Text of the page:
Three Minutes: A Lengthening review – fragments of a Jewish town destroyed by war

The forensic analysis of home-movie footage shot in a small community in 1938 Poland is the subject of Bianca Stigter’s arresting documentary

Perhaps “a deepening” is closer to the mark. This arresting film is about a vivid process of reconstruction, or recontextualisation, like finding a fragment of an Etruscan pot in the soil and imagining what the whole pot looked like, what the society that produced it looked like, and what the violence that destroyed it looked like.

It is based on the book Three Minutes in Poland: Discovering a Lost World in a 1938 Family Film by the American memoirist and author Glenn Kurtz. In 2009, he had chanced upon a home movie shot by his grandfather David, who had come as a child from Poland to the US and made a prosperous life for himself there. The film recorded the family’s European vacation in 1938 and included a remarkable three-minute segment shot in his home town of Nasielsk in eastern Poland, the first time that little place had ever been recorded on film. The movie vividly captures the Jewish inhabitants’ innocent bustling happiness at that moment, just months before they were deported to the ghettoes by the invading Nazis and from there to be murdered in Treblinka.

As Kurtz’s camera panned across the town square, the faces of grinning excited children surge into the forefront, with warier, curious adults in the background. This film recounts the historical process of digitally restoring the film, deciphering shop signs, identifying buildings, and then putting it up online and asking for survivors to come forward. Grippingly, one did: Moszek Tuchendler, who escaped Poland and anglicised his name to Maurice Chandler, instantly saw himself in one beaming, plump-cheeked boy and we hear his audio testimony.

Director Bianca Stigter has taken a kind of procedural decision not to show any modern faces or activity on screen, nothing other than the flickering film itself, with moments and freeze-frame images shown over and over; a decision which in some ways is the converse of Claude Lanzmann’s Shoah, which only showed the present-day witnesses. (However, over the closing credits we see the older Maurice Chandler – and yes, he is unmistakable.) This is a gripping historical investigation.

• Three Minutes: A Lengthening is released on 2 December in cinemas and on Curzon Home Cinema.


Peter Bradshaw

The GuardianTramp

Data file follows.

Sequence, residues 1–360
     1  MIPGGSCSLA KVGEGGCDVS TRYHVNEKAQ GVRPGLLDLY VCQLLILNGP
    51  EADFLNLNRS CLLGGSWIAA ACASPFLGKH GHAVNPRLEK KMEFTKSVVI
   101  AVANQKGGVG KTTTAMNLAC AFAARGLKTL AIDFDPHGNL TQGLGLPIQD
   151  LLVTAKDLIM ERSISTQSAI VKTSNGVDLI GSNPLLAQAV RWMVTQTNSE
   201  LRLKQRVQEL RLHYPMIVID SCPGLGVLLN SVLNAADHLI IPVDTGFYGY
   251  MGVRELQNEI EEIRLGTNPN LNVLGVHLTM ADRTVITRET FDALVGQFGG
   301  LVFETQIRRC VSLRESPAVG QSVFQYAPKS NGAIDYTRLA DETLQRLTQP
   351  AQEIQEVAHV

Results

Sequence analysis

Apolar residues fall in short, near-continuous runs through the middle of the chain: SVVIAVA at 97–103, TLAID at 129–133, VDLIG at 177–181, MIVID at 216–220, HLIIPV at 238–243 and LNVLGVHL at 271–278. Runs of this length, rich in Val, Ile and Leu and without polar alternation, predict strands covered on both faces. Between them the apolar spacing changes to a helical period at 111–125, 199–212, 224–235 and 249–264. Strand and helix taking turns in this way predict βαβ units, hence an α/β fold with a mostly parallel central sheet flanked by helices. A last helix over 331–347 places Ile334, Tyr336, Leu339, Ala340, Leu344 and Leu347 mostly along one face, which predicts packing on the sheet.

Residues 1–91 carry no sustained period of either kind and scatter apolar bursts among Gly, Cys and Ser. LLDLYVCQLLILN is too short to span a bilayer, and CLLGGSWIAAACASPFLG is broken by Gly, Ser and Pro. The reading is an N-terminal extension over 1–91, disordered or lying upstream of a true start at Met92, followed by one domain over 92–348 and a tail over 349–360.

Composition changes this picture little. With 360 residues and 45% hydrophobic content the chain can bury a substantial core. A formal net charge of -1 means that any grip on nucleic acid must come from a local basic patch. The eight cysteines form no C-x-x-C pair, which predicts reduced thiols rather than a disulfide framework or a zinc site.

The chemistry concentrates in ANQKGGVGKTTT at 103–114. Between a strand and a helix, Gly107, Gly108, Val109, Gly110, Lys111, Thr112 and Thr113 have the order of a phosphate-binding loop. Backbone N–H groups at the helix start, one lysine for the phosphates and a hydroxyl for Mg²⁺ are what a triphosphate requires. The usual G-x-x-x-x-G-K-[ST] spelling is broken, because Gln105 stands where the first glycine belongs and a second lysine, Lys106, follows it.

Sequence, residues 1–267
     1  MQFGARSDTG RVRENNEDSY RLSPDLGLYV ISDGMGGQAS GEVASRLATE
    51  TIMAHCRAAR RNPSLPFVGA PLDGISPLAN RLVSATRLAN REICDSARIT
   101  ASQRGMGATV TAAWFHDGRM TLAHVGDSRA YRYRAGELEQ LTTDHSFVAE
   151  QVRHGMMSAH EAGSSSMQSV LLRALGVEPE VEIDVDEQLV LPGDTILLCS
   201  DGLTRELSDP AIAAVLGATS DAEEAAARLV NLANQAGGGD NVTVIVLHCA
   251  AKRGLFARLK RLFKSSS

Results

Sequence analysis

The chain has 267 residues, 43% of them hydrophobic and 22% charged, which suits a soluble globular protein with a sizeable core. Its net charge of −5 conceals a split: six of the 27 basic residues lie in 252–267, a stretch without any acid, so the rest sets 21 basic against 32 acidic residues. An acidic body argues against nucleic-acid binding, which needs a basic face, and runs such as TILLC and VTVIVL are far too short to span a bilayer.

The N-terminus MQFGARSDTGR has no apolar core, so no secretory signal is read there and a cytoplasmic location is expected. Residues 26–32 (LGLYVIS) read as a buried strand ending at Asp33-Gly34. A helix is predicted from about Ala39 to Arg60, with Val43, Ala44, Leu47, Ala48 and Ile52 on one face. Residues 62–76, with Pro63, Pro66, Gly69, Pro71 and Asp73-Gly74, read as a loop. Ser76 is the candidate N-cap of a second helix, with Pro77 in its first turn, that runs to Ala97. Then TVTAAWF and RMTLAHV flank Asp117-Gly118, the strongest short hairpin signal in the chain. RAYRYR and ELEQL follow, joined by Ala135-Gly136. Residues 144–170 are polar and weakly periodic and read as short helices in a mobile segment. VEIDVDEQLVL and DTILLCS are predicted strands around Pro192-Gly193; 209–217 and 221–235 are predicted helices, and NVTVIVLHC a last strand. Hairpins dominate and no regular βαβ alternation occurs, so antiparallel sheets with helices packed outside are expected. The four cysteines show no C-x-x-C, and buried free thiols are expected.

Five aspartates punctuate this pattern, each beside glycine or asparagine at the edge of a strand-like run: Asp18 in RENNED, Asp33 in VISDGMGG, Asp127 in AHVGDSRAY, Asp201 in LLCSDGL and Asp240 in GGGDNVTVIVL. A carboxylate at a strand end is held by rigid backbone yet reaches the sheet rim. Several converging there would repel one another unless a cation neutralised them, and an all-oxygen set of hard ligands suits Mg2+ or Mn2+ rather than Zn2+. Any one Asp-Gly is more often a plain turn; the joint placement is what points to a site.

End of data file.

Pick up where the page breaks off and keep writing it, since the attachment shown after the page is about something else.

Related Content

Article image
‘A small victory against erasure’: the three minutes that bring an exterminated Jewish past to life
A new documentary extends 200 seconds of home-movie footage shot in Poland in 1938 into a forensic examination of a community obliterated by the Nazis

Jonathan Freedland

24, Nov, 2022 @4:00 PM

Article image
Where Is Anne Frank? review – Holocaust diary imaginatively rebooted for the YA generation
Waltz With Bashir director Ari Folman turns Frank’s imaginary friend Kitty into a ghost on the run in near-future Amsterdam

Peter Bradshaw

09, Jul, 2021 @5:09 PM

Article image
#AnneFrank. Parallel Stories review – Helen Mirren hosts a heartfelt tribute
This moving, valuable documentary marking the 75th anniversary of the Auschwitz liberation draws on the testimony of many Holocaust survivors

Peter Bradshaw

23, Jan, 2020 @3:00 PM

Article image
Never Gonna Snow Again review – rich brew of strangeness in unsettling suburbia
A mysterious masseur visits a dysfunctional gated community in this absorbing Polish fairytale

Peter Bradshaw

12, Oct, 2021 @3:09 PM

Article image
EO review – an innocent donkey leads the way in surreal Bresson-inspired ride
Life is seen through the eyes of a put-upon beast of burden in this beautifully photographed homage to Au Hasard Balthazar by the veteran Polish director Jerzy Skolimowski

Peter Bradshaw

01, Feb, 2023 @4:24 PM

Article image
Notre Dame on Fire review – high adventure ripped straight from the headlines
Veteran director Jean-Jacques Annaud rips a swashbuckling escapade from news footage of the catastrophic fire at the Paris cathedral

Peter Bradshaw

20, Jul, 2022 @1:00 PM

Article image
Natural Light review – reprisals and revenge in chilling examination of the toll of war
Documentary director Dénes Nagy explores how conflict erodes loyalty, morality and human consciousness in his award-winning first feature

Peter Bradshaw

09, Nov, 2021 @10:00 AM

Article image
Il Buco review – a wordless search for meaning at the bottom of an Italian abyss
With no dialogue, Michelangelo Frammartino portrays a daring Calabrian cave dive as a moving meditation on the passage of time

Peter Bradshaw

07, Jun, 2022 @12:00 PM

Article image
‘It became crystal clear they were lying’: the man who made Germans admit complicity in the Holocaust
With Final Account, the late director Luke Holland set out to obtain testimonies from those who participated in the Nazi atrocities – before their voices were lost. The result is a powerful mix of shame, denial and ghastly pride

Dorian Lynskey

02, Dec, 2021 @4:00 PM

Article image
Nice ass: Jerzy Skolimowski on his donkey film that wowed Cannes
The veteran Polish film-maker’s latest movie stars a donkey – and is up for an Oscar. He talks about how he became a donkey whisperer to get the best performance, his career as a painter and playing a villain in The Avengers

Andrew Pulver

08, Dec, 2022 @4:11 PM